Have you noticed an older relative showing signs of hearing loss and cognitive decline? That’s because there might be a link between the two.
Many experts have found facts pointing to a close connection between hearing loss and dementia, a condition marked by memory loss and an overall cognitive decline. Though it does not mean that everyone with hearing loss will develop dementia, it may increase the odds.
Link Between Hearing Loss and Dementia
All this while, we may have only considered hearing loss a part of aging and have never thought of its impact on brain health. A study conducted over a period of 10 years found that in people with mild, moderate and severe hearing loss, the risk of dementia increased by two, three and five times respectively.
Researchers feel that hearing loss and dementia may be linked because in people with significant hearing loss:
- The brain works harder to comprehend conversations and this might reduce its ability to do other activities like remembering things.
- When the ears do not pick up enough sounds, the nerves send a lesser number of signals to the brain, thus causing a decline in its activity. Brain imaging of seniors with hearing loss has shown lesser gray matter that is connected to processing sounds.
- Social isolation in people with hearing loss plays a key factor because these individuals often struggle to be part of conversations and social interactions. This forces them to stay away, thus making them lonely.
As hearing declines, the part of the brain that is used for processing sounds may be taken over by the parts that process other senses like touch and vision. The brain is known to gradually rewire itself to adjust to the new normal, which will eventually affect cognitive skills. This process is called compensatory brain reorganization and might be one of the main reasons linking hearing loss and dementia in older individuals.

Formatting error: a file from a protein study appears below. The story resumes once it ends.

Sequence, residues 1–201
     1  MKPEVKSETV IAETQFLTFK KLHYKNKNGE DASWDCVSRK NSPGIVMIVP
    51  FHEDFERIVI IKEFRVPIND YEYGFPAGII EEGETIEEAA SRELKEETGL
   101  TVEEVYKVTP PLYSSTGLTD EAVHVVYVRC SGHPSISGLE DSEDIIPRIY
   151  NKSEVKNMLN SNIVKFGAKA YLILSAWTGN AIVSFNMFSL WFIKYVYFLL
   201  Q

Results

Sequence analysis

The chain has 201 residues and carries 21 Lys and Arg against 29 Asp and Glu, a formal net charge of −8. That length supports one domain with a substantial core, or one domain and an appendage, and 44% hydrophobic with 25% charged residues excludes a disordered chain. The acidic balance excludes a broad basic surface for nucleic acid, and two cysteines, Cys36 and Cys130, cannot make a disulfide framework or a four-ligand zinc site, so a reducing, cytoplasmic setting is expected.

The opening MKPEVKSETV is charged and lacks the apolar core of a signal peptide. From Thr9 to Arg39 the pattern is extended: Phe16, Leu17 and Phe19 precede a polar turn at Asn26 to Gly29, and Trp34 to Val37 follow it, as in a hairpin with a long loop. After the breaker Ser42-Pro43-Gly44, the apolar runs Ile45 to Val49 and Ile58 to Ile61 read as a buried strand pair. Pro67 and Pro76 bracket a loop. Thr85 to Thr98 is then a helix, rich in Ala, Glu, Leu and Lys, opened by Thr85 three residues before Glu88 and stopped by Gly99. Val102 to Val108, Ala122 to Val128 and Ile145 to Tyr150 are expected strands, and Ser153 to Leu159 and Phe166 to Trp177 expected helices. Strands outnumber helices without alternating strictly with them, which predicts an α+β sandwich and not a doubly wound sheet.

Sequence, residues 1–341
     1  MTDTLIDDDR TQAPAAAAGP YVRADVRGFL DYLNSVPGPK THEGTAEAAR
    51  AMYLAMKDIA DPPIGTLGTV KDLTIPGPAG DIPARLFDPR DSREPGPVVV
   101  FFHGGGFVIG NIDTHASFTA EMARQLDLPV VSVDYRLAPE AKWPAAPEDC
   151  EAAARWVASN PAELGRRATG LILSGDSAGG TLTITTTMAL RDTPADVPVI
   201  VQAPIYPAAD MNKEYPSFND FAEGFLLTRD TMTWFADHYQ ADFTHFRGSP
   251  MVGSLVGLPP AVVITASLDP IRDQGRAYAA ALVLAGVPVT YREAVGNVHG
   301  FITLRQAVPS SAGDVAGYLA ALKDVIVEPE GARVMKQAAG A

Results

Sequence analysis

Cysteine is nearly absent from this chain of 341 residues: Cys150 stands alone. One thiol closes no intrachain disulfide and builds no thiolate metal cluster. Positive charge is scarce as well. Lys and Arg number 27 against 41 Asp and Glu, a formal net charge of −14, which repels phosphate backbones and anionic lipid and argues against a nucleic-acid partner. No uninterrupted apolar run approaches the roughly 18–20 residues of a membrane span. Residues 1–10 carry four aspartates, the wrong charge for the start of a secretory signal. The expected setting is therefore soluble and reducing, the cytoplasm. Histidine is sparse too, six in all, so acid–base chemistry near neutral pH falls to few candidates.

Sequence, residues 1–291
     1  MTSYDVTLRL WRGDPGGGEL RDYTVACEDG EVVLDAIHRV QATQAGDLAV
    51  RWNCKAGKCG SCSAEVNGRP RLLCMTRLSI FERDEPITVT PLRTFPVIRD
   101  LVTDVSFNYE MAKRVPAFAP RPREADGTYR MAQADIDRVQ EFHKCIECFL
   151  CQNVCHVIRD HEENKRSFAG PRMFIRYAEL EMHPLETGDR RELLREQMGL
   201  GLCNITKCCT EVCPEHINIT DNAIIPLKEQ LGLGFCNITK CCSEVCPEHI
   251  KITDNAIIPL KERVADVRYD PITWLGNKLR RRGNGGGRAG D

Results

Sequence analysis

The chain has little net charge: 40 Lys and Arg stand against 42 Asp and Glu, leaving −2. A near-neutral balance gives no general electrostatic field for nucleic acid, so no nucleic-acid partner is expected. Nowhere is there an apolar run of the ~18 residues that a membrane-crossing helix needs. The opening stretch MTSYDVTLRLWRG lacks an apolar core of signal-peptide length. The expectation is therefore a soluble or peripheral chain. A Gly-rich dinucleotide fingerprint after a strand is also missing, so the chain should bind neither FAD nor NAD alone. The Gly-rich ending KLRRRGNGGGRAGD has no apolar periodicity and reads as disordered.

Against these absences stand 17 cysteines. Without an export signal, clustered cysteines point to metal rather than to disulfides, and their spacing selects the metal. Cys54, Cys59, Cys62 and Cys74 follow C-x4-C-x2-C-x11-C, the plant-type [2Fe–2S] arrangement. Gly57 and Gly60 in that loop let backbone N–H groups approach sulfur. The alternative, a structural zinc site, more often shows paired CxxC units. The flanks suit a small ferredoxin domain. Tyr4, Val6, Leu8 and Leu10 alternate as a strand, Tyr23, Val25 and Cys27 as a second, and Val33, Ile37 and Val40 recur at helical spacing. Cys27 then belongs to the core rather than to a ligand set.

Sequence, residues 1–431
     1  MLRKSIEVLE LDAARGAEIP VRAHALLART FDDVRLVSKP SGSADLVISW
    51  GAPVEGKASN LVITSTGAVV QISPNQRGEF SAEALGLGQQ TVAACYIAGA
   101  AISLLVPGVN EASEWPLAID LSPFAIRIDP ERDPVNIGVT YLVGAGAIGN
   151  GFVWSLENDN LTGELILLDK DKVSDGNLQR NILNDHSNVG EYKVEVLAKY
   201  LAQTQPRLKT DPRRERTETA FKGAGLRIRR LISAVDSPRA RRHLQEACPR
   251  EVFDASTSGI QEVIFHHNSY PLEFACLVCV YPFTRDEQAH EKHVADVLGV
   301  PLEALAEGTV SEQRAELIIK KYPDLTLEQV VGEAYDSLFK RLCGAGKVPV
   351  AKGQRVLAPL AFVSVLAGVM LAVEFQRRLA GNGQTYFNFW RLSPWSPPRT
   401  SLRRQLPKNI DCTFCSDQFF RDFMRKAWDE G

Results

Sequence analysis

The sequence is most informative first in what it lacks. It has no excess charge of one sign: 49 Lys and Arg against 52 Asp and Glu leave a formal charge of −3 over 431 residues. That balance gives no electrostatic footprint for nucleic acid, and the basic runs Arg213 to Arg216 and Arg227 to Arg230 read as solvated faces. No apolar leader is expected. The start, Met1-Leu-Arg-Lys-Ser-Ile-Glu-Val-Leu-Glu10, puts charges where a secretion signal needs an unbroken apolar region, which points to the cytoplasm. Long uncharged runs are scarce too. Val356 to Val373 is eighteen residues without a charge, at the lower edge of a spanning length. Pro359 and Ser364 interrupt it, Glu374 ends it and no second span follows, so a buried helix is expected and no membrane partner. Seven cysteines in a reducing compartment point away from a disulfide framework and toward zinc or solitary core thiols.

Studies About Hearing Loss and Dementia
A study conducted in 2013 based their findings on different cognitive skills like concentration and memory among 2,000 participants with an average age of 77. It was found that those with severe hearing problems had a 24 percent higher risk of a decline in cognition than others with no hearing troubles. This led the researchers to conclude that hearing loss may speed up cognitive degeneration.
Another research, conducted in France, studied a group of 94 people between the ages of 65 and 85 with a severe hearing loss at least in one ear. Each participant underwent a cochlear implant and auditory rehabilitation (twice a week) and amazingly enough, those that had scored the lowest in various cognitive tests showed significant improvement in just one year.
A preliminary study is also being conducted to see if improving hearing has an impact on cognition. As part of it, people with dementia were given simple hearing aids and it was noticed that just within a month, all of them presented improved communication skills and an overall happier demeanor.
While this research is still in its early phases, we might be better off being cautious and getting our hearing tested if there are any signs of hearing loss.
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Griffin, K., & Bouton, K. (n.d.). Hearing Loss Linked to Memory Loss, Dementia. Retrieved from https://www.aarp.org/health/brain-health/info-07-2013/hearing-loss-linked-to-dementia.html
Packer, L. (2015, June 18). New study shows hearing loss impacts brain function. Retrieved from https://www.healthyhearing.com/report/52469-New-study-shows-hearing-loss-impacts-brain-function
Martin, D. S. (n.d.). Hearing Loss and Dementia: The Silent Connection. Retrieved from https://www.webmd.com/healthy-aging/features/hearing-loss-dementia#1